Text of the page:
In Other Words (A Dark Ekphrastic)

So if you were to ask me what’s on my mind today as I write, I’d have to say Blood Meridian, Cormac McCarthy’s fifth novel. I’ve read two other of his novels, The Road and Child of God, and just this past Tuesday after a sixteen-year hiatus, his newest novel, The Passenger was released (to be read). He has a lot to say against the backdrop of the Bible, human history, Western literature, and it’s all about the human heart, the worst of it, the meager remnants of conscience in preserving “civilization,” the struggle against Evil. It’s no mystery why Blood Meridian has been compared to Melville’s Moby Dick. There’s no call to be smug about being just human. And the shame only comes when we ignore the divine, the image of God in each of us.

you say, everything’s not black and white,
drawing white shades over black night
in a ghost town where folks walk on tight-
ropes past the presidio’s edge, swallowing fright.

you say, there are safety nets, nobody gets hurt
not even ones on the highest wires lose their shirt
c’mon, a little dunk in a cesspool as you hit the dirt,
an umbrella in case of rain, keep your poise, insert

[sounds off screen, fade to …]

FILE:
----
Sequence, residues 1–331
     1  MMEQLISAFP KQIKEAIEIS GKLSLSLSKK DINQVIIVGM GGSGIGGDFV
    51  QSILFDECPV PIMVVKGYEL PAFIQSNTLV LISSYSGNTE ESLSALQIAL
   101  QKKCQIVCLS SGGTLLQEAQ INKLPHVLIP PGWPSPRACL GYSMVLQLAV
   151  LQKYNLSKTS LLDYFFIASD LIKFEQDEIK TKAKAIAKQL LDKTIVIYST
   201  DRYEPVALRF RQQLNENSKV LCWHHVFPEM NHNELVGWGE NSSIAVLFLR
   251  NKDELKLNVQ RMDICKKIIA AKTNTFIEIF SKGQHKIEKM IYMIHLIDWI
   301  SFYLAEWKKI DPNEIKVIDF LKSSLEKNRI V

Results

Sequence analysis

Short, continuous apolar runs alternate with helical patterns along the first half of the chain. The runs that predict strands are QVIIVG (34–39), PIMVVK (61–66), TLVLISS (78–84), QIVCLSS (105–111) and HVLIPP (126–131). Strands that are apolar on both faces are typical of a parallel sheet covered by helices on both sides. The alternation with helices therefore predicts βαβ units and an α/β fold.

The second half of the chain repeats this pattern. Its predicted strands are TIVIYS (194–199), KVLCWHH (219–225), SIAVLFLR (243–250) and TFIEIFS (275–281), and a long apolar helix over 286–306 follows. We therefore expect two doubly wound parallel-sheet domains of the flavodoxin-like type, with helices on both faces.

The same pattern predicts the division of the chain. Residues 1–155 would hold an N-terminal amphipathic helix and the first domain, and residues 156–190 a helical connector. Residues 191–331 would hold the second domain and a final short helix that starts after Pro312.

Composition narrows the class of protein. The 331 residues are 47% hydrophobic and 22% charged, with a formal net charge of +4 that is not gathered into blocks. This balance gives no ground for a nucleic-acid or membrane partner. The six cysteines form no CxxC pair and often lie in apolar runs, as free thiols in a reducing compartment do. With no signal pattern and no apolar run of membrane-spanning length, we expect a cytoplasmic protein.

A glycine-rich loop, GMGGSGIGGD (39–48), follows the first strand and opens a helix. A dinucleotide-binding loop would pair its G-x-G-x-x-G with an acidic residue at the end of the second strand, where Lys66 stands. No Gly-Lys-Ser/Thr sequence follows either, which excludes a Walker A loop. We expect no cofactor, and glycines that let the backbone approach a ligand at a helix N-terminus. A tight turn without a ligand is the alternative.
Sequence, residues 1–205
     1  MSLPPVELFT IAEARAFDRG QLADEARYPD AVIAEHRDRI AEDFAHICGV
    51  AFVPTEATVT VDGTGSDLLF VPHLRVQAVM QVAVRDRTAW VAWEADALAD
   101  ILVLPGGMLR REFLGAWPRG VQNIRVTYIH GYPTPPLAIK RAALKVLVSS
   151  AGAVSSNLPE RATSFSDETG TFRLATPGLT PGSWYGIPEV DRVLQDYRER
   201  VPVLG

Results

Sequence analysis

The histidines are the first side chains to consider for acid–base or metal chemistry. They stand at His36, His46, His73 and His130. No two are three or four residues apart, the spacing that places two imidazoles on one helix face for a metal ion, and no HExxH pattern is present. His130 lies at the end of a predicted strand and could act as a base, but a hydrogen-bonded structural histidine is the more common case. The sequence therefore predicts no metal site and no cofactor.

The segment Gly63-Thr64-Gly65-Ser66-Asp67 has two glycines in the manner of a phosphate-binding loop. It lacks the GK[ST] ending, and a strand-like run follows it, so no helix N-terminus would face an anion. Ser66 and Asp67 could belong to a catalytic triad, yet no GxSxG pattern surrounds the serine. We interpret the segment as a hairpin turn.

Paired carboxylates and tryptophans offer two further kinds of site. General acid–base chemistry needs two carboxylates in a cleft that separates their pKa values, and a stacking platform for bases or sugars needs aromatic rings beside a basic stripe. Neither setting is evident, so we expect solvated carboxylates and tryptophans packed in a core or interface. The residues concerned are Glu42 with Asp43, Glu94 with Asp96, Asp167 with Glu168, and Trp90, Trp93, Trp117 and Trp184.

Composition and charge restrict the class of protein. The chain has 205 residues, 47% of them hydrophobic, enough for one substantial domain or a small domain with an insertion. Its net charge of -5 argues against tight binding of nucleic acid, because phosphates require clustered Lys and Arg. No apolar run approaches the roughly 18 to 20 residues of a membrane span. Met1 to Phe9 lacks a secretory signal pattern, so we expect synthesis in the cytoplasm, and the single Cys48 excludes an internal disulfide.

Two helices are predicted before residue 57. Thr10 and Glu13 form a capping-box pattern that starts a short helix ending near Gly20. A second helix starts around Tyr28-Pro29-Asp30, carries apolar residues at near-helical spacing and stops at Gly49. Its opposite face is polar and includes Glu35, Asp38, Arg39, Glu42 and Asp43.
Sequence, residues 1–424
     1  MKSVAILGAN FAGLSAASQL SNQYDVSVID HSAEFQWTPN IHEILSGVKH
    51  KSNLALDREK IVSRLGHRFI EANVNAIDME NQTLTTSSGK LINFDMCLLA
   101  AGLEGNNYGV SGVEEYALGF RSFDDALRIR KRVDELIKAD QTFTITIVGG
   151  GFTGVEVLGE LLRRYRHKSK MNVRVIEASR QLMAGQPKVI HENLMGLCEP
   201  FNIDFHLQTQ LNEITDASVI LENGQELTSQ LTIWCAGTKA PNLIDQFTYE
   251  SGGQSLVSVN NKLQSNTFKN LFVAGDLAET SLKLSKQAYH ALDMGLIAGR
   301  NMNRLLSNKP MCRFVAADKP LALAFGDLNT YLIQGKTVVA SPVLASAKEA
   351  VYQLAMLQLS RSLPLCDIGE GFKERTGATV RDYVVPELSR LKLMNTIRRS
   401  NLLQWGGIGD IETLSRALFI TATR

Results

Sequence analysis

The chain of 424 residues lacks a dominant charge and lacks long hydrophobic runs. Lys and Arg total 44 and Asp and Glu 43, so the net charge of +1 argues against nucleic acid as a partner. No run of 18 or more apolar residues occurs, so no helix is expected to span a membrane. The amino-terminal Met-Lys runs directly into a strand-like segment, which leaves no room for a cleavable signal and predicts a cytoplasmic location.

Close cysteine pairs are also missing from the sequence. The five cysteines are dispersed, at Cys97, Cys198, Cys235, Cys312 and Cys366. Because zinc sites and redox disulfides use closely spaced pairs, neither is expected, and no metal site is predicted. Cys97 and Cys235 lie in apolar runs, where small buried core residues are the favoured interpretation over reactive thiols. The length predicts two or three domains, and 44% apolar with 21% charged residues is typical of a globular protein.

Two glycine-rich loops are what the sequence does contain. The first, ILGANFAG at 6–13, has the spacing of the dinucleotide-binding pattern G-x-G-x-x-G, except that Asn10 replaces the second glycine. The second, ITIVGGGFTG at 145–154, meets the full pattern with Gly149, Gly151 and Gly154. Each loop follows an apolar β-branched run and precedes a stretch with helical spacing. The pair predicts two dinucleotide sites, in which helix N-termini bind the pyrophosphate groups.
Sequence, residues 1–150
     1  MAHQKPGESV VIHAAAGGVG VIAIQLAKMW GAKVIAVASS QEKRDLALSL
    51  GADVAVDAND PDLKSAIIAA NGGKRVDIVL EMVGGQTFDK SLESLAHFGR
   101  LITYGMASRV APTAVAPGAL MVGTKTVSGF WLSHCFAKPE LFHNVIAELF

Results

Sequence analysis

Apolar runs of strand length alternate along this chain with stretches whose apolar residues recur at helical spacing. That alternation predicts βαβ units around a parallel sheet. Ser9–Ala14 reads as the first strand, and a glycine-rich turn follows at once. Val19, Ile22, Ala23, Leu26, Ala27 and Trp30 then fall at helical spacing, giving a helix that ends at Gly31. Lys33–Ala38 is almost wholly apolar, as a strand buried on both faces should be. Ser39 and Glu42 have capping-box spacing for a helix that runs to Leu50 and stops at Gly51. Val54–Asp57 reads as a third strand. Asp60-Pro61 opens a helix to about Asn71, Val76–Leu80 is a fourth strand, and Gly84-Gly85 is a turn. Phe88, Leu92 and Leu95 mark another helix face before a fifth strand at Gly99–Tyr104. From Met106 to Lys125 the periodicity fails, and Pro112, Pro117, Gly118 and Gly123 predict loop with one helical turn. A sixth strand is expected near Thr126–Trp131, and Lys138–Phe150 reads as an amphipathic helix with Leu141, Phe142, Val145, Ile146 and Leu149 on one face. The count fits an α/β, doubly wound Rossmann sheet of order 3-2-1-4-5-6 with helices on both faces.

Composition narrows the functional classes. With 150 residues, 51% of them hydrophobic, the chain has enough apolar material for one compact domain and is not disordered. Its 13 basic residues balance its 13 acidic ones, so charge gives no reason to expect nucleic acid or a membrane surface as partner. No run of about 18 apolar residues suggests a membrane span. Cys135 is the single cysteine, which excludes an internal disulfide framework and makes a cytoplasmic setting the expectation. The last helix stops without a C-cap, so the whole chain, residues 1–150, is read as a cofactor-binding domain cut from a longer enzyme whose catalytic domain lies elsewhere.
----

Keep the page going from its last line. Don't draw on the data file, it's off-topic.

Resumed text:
life: blood red.


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The Blind Detective

On terra damnata,
the rind of a moon over
history’s purgatorial waste,

she traces the scarred earth,
the braille of ocotillo,
lizards, whinstone, curvature

of monoclines, a geologist
of cemeteries, cairns,
listening for hollow bells

marking Cain’s passage
towards nuclear holocaust
with soulless eyes.


Search and see if this does not ring of someone who’s lately been immersed in Dante and Cormac McCarthy’s Blood Meridian. It’s obvious Dante continues to influence the best of our contemporary writers, especially McCarthy, who critics have called America’s greatest contemporary novelist in a class with Hawthorne, Melville and Faulkner.

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